I remember during the Iraq-Iran war, Arab aid to Syria stopped, so we went to Iran, and they gave us annual oil assistance, a certain amount. But it wasn’t more than that. Iran does not have the capacity to finance the deficit of a country like Syria.

      This extensive presence of Iran inside Syria, politically, security-wise, and through Shiism, can it be without compensation? And why would Bashar al-Assad bring the Iranian bear to Syria without any compensation?

      • Bashar al-Assad has no choice; he is cornered in the issue of the International Tribunal in the assassination of Rafik Hariri. No one can stop or cancel the investigation.

      What about deals?

      • No deals. He knows that tightening the pressure on him, no one will stand with him in the region; he has no one but Iran. Yes, we were allies with Iran during Hafez al-Assad’s era, but Bashar changed it from an alliance to subordination.

      In return for what?

      • In return for protection because he is weak. He believes that if things get tough, he will board his plane and flee to Iran or, as he believes, he will ignite the situation in Lebanon through Hezbollah. Iran helps him with Hezbollah, and the party considers Iran its political, ideological, and jurisprudential reference. Iran extends personal support to Bashar al-Assad, but Hezbollah does not engage in a battle in southern Lebanon to move to Beirut and fight against the state because it wants a national unity government. Never. It defends Bashar to obstruct the court. Hezbollah has become its main tool in confronting the International Tribunal by blowing up the court in Lebanon through Hezbollah, which means Iran.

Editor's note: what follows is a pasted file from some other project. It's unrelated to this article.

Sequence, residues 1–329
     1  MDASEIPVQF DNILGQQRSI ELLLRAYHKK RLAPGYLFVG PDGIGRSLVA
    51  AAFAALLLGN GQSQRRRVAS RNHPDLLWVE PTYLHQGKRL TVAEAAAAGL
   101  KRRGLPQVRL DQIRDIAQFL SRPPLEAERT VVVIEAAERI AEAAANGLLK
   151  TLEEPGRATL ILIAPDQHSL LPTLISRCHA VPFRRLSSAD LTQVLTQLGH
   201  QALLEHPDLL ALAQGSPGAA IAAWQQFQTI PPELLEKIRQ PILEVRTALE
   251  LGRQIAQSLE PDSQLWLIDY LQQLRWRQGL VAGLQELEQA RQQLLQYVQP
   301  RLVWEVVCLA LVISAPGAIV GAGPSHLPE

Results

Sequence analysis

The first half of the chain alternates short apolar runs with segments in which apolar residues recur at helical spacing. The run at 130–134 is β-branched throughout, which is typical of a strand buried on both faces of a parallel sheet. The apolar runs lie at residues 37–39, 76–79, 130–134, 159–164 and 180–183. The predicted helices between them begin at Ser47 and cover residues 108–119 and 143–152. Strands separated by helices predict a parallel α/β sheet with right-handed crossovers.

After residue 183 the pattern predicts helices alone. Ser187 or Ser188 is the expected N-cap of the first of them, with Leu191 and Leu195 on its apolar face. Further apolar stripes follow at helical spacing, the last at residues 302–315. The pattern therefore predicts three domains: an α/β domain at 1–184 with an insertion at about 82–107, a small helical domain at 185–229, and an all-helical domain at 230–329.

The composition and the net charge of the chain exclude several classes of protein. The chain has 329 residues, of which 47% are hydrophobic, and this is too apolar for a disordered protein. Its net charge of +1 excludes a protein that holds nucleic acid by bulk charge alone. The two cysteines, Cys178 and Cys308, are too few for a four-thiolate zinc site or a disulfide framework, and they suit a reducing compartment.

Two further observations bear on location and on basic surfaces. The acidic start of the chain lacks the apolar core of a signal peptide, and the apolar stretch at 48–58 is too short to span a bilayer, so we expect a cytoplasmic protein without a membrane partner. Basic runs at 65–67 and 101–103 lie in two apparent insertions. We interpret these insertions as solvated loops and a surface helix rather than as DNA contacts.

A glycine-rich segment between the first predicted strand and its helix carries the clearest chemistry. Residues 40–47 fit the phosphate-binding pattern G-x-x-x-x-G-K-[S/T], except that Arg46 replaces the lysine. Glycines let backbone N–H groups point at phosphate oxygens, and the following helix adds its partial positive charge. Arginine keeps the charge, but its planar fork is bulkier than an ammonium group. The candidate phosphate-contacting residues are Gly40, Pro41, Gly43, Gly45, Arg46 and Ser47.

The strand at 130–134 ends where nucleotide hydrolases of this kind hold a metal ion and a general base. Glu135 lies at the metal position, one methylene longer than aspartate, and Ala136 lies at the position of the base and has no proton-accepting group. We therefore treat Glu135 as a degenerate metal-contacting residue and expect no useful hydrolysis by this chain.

Do you not believe there is divergence between Iran and Syria regarding Lebanon?

      • It is in Iran’s hands. As long as it does not harm Iran, Hezbollah remains with Bashar al-Assad. But if Iran is going to pay the price for escalating the situation, it is ready to sacrifice Bashar al-Assad.

      To avoid paying the price of sectarian strife between Sunnis and Shias?

      • Sectarian strife for the Shiites makes the entire Islamic world against Iran. This also means a justification for the Western world that Iran is against everyone, making its situation difficult.

    Let’s speak in the language of reality. Iran is powerful within its borders, strong in Iraq, Syria, Lebanon, and Gaza. In the geopolitical positioning between Iran and all the Arab countries, Iran is the strongest, capable of taking the initiative and launching attacks. There are no Arab countries ready to fight, neither in Iraq nor Lebanon, nor in Palestine, while Iran is actively engaged, along with Syria.